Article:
Worldwide. Were supposedly domesticated 8000 years ago in south east Asia
Male (Rooster, Cockerel) / Female (Hen)
5-10 years depending on quality of life and breed
23 billion and rising
A group of chickens is known as a ‘flock’. Males can be told apart from females by their more extravagant feathers or ‘plumage’.
Hens make a ‘Cluck-Cluck’ sound, whilst cockerels have a ‘cock-a-doodle-doo’ call. Chickens cannot fly but can flap their wings enabling them to travel short distances off the ground.
Chickens have a fleshy crest on their head known as a ‘comb’ and dangly fleshy parts on either side of the beak known as ‘wattles’. These are larger and more noticeable in males.
Hens will lay their first eggs when around 6 months old but these will not hatch unless they have been fertilised by a rooster. A hen can lay up to 300 eggs a year.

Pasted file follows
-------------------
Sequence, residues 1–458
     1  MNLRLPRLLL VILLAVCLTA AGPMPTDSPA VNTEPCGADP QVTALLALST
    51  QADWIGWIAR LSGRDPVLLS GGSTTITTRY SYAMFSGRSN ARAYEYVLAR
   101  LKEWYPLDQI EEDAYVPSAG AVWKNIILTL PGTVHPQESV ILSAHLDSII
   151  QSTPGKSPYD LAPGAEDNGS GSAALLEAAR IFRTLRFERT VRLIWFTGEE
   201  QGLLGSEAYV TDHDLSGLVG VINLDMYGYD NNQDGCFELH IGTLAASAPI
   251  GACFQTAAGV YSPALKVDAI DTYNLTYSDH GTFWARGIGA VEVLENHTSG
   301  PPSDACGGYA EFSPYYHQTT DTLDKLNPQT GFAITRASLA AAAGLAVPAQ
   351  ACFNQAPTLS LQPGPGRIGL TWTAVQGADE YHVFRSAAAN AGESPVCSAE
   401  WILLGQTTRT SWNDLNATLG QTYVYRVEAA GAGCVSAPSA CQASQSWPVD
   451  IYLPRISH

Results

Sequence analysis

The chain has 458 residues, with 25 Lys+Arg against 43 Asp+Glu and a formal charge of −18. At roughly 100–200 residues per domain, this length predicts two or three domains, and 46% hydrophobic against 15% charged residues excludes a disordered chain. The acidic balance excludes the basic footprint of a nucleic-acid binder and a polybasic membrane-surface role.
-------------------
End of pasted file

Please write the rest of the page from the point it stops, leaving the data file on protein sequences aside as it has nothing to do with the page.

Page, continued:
Many people find eggs delicious to eat! They can be boiled, fried, poached and scrambled on toast! Eggs yolks and whole eggs are a good source of protein.
Chickens are omnivores. This means they eat seeds, pellets and even small insects and mammals.
When an egg becomes fertilized it takes approximately 21 days for it to hatch. The hen will incubate her eggs by sitting on her ‘clutch’ to keep them warm. When the egg hatches the newborn is called a ‘Chick’. You can often find chicks around our farm.
Chickens are a primary food source. Chicken meat is very high in protein and low in fat.